The Center for Teaching Thinking (CTT) originated as an outreach program of the new graduate program on Critical and Creative Thinking created at the University of Massachusetts at Boston in the early 1980s. Dr. Robert Swartz was the founder of this new program and its Director for six years. This program was designed for in-service teachers and led to a Master of Arts degree. It was designed to provide teachers with the knowledge and abilities to infuse instruction in critical and creative thinking into content instruction. Faculty from Philosophy, Psychology, and Education were the core instructors in the program.
The outreach office was created when it was discovered that a great number of teachers who already had a Master’s degree wanted to learn how to teach thinking. It was designed to provide on-site workshops to schools whose teachers were not interested in a Master’s degree but who wanted to change their teaching to include effective thinking as an educational goal. During this period the outreach office of the CCT graduate program served schools across the USA, from the Provincetown Elementary School in Massachusetts to a large number of elementary, middle, and secondary schools in South Carolina to the Elementary Schools in Lubbock, Texas, to the Elementary School in Bellingham, Washington. These programs, though not aimed at a Master’s degree, were exceptionally successful. Dr. Swartz was not only the Director of this office but also the presenter of many of these programs along with other faculty from CCT.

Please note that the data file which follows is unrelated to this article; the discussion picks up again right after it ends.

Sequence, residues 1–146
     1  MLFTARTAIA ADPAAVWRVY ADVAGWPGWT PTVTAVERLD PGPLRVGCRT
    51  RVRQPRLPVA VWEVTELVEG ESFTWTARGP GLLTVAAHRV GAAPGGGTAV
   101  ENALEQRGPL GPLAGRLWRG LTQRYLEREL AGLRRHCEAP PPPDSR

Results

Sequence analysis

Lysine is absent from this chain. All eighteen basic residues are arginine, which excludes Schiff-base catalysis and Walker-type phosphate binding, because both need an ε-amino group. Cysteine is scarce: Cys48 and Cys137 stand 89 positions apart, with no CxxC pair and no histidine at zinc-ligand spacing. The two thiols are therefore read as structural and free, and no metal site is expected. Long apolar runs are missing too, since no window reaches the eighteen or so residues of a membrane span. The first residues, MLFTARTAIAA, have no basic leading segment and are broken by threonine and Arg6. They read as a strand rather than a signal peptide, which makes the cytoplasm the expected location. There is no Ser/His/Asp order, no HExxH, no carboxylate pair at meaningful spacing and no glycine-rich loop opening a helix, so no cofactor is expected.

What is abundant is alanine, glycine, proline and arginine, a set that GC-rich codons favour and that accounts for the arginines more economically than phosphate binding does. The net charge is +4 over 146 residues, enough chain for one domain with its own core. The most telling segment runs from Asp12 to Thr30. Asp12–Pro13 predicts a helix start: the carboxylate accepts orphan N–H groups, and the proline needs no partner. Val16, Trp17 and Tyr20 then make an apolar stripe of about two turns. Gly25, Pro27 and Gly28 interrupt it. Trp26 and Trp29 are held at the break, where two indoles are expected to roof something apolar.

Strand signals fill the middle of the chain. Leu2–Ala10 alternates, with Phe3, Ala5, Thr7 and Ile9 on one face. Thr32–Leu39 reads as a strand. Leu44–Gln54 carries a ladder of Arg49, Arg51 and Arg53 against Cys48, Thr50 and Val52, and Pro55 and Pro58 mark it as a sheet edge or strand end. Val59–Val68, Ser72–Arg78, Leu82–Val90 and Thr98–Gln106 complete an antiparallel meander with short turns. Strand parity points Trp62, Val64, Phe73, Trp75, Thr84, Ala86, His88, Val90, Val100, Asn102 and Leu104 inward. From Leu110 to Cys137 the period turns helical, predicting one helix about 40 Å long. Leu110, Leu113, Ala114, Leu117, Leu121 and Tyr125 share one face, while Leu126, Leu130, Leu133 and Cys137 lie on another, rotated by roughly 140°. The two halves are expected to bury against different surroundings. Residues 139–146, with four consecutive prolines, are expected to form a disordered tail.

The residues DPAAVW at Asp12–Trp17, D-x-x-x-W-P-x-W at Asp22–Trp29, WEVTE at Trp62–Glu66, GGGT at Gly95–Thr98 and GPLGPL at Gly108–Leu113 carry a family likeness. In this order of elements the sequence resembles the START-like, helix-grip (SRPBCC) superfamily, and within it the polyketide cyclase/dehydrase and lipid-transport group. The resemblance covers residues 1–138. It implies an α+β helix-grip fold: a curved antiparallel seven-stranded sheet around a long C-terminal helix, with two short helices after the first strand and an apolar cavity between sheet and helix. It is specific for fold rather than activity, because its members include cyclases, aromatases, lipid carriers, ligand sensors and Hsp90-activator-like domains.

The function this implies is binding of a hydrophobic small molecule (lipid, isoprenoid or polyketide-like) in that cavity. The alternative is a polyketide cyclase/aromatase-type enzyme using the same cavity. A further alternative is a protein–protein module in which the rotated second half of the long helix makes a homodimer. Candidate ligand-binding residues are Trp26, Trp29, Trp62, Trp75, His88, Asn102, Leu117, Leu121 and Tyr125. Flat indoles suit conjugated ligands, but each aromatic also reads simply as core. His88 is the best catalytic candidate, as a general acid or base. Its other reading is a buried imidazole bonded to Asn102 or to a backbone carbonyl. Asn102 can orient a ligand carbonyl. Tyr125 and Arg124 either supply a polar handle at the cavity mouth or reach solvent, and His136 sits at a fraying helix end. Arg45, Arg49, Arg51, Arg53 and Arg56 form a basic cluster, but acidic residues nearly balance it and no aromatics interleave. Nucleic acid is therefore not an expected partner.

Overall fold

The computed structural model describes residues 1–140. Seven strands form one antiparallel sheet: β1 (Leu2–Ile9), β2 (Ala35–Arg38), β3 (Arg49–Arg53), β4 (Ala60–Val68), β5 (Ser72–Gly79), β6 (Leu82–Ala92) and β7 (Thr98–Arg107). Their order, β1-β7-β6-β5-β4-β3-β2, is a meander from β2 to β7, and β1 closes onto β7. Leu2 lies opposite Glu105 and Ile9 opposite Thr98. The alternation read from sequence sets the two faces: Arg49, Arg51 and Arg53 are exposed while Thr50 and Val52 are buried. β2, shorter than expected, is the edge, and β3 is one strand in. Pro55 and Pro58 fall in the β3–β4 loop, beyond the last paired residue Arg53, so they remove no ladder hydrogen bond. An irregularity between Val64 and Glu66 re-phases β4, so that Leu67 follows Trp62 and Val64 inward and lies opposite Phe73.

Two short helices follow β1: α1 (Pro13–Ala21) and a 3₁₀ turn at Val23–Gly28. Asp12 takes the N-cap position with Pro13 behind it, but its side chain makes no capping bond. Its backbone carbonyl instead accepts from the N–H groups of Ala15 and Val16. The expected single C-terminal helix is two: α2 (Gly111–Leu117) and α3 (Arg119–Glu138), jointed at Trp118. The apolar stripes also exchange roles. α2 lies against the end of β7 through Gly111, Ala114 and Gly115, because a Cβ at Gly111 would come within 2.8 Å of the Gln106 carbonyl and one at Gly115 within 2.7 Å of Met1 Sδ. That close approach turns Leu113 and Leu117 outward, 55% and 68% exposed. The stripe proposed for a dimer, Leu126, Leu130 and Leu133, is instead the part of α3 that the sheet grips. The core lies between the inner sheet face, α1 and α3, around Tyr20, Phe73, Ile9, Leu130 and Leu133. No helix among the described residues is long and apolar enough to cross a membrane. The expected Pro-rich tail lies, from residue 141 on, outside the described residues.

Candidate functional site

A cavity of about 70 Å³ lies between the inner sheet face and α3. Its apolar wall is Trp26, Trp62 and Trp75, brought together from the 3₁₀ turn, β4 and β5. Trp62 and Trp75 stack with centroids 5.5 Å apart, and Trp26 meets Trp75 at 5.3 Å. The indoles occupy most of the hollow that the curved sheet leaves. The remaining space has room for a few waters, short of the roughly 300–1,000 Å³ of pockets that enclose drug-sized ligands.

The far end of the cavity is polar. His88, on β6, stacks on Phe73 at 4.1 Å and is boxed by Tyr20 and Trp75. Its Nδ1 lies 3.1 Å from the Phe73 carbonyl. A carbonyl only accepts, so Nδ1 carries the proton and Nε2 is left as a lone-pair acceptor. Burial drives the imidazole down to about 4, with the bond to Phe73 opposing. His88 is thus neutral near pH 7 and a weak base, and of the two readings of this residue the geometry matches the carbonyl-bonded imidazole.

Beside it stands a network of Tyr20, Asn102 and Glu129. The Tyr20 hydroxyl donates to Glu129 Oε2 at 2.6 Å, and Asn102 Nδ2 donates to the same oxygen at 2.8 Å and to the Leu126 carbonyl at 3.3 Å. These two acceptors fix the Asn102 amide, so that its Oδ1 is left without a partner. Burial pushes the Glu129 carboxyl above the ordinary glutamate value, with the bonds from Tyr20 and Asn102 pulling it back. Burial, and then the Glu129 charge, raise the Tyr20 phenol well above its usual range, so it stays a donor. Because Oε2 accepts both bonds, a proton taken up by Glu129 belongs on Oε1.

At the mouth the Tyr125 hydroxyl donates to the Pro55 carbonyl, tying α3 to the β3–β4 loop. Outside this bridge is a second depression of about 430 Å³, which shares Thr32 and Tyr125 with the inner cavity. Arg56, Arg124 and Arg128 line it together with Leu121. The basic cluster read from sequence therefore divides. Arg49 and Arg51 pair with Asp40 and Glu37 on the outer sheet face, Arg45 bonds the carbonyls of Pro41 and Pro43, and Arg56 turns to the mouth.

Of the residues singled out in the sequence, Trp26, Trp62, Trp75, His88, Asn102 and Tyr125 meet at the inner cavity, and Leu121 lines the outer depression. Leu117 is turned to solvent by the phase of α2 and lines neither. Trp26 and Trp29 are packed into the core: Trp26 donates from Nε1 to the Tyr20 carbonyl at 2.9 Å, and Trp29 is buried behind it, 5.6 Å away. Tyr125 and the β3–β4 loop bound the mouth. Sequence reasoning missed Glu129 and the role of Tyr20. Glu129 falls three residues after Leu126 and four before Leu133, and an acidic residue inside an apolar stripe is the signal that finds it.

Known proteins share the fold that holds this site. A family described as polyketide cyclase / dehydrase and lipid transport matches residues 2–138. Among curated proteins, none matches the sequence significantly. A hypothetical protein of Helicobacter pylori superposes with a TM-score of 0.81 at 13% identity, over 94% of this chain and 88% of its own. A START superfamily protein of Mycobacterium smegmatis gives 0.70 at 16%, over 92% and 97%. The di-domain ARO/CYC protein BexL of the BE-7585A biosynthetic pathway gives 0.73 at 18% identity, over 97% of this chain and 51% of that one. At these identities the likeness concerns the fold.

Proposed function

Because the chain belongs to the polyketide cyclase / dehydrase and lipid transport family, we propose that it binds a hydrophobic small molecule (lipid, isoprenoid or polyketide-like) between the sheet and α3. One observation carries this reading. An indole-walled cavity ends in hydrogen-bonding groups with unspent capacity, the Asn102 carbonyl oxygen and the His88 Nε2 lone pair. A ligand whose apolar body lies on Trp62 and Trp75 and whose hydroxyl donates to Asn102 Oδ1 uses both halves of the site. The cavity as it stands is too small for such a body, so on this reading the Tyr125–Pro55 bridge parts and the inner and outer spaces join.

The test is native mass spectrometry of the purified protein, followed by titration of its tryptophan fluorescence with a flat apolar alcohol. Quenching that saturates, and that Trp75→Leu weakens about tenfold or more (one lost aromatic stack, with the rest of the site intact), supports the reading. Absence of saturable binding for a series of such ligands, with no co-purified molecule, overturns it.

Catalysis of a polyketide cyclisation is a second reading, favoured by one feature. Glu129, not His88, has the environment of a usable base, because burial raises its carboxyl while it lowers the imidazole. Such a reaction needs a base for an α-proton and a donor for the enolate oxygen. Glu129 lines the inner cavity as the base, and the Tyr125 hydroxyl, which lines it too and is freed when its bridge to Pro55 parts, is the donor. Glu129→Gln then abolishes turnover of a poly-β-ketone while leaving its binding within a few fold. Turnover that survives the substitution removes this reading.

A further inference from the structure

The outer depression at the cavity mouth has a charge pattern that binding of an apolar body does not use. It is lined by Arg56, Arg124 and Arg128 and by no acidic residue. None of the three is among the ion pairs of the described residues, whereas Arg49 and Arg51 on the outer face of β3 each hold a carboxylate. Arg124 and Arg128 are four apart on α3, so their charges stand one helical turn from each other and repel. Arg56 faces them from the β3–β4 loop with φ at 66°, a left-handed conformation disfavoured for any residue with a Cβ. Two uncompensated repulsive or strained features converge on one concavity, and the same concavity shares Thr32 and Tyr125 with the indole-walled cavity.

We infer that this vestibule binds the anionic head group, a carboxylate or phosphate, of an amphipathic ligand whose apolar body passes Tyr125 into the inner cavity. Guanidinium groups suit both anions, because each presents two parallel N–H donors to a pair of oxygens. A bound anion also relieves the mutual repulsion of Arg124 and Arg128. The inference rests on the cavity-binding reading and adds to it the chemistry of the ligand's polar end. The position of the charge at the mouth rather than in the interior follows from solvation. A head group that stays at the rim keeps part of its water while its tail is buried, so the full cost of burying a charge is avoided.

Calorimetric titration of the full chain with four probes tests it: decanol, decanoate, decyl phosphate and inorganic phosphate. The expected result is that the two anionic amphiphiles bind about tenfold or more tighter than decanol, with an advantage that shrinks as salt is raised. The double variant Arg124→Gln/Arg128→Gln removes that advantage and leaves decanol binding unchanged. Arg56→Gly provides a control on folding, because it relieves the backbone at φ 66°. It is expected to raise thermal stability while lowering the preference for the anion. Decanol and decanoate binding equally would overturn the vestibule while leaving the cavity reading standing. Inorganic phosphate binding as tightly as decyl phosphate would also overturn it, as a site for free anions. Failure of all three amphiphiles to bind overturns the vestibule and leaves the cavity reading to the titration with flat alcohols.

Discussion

In the late 1980s it was decided that this outreach program should be detached from the MA program and established outside the University as a self-supporting non-profit organization. The official birth of The Center for Teaching Thinking occurred in 1992 when CTT was incorporated as a non-profit organization in the State of Massachusetts. CTT not only continued to offer its program of on-site workshops, now supplemented by one-on-one coaching of the participants as they implemented what they learned into their own teaching, but it also began to sponsor a special summer institute open to anyone. . CTT made a commitment to provide teachers access to the leading figures in the movement to bring thinking into regular classroom teaching by inviting experts in the field to provide week-long courses.